In fact, a map showing tribes of Britain in 600AD is almost identical to a new chart showing genetic variability throughout the UK, suggesting that local communities have stayed put for the past 1415 years.
Many people in Britain claim to feel a strong sense of regional identity and scientists say they the new study proves that the link to birthplace is DNA deep.
The most striking genetic split can be seen between people living in Cornwall and Devon, where the division lies exactly along the county border. It means that people living on either side of the River Tamar, which separates the two counties, have different DNA.
Having been born just the correct side of that line I have always known that those on the other were t’other, not quite human in the same manner. But then everyone knows that about Cornishmen.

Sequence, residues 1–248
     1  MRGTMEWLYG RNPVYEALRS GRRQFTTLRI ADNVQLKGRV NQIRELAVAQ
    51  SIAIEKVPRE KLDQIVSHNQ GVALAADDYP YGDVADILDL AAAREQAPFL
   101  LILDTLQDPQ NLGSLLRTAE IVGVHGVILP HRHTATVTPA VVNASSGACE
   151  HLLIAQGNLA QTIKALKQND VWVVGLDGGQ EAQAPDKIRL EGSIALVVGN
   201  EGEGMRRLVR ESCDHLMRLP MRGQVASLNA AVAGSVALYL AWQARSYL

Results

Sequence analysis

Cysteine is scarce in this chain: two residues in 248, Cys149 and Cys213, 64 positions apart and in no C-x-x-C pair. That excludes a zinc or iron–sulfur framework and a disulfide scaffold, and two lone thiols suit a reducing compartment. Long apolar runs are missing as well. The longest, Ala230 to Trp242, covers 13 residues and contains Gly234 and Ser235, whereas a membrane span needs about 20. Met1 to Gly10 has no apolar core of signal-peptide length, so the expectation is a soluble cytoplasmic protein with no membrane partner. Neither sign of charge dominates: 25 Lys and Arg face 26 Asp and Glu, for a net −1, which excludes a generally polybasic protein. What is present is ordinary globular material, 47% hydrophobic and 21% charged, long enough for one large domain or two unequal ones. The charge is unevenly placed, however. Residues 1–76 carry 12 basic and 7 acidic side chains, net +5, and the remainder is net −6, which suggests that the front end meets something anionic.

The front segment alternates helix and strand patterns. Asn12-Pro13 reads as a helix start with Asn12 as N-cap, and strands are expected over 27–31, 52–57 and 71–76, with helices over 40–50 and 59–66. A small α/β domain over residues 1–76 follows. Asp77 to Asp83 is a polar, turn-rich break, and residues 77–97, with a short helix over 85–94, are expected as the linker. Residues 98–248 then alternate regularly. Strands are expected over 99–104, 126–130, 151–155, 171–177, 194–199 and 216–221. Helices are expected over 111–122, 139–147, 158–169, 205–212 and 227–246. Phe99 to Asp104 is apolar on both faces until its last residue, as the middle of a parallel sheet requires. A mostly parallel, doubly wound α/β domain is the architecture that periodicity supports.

However, this research is not quite what it is blown up to be:
The ‘People of the British Isles’ study analysed the DNA of 2,039 people from rural areas of the UK, whose four grandparents were all born within 80km of each other.
Because a quarter of our genome comes from each of our grandparents, the researchers were effectively sampling DNA from these ancestors, allowing a snapshot of UK genetics in the late 19th Century before mass migration events caused by the industrial revolution.
What they’ve actually found is that local people are local. Interesting, but not quite the same as finding that Britons are local people.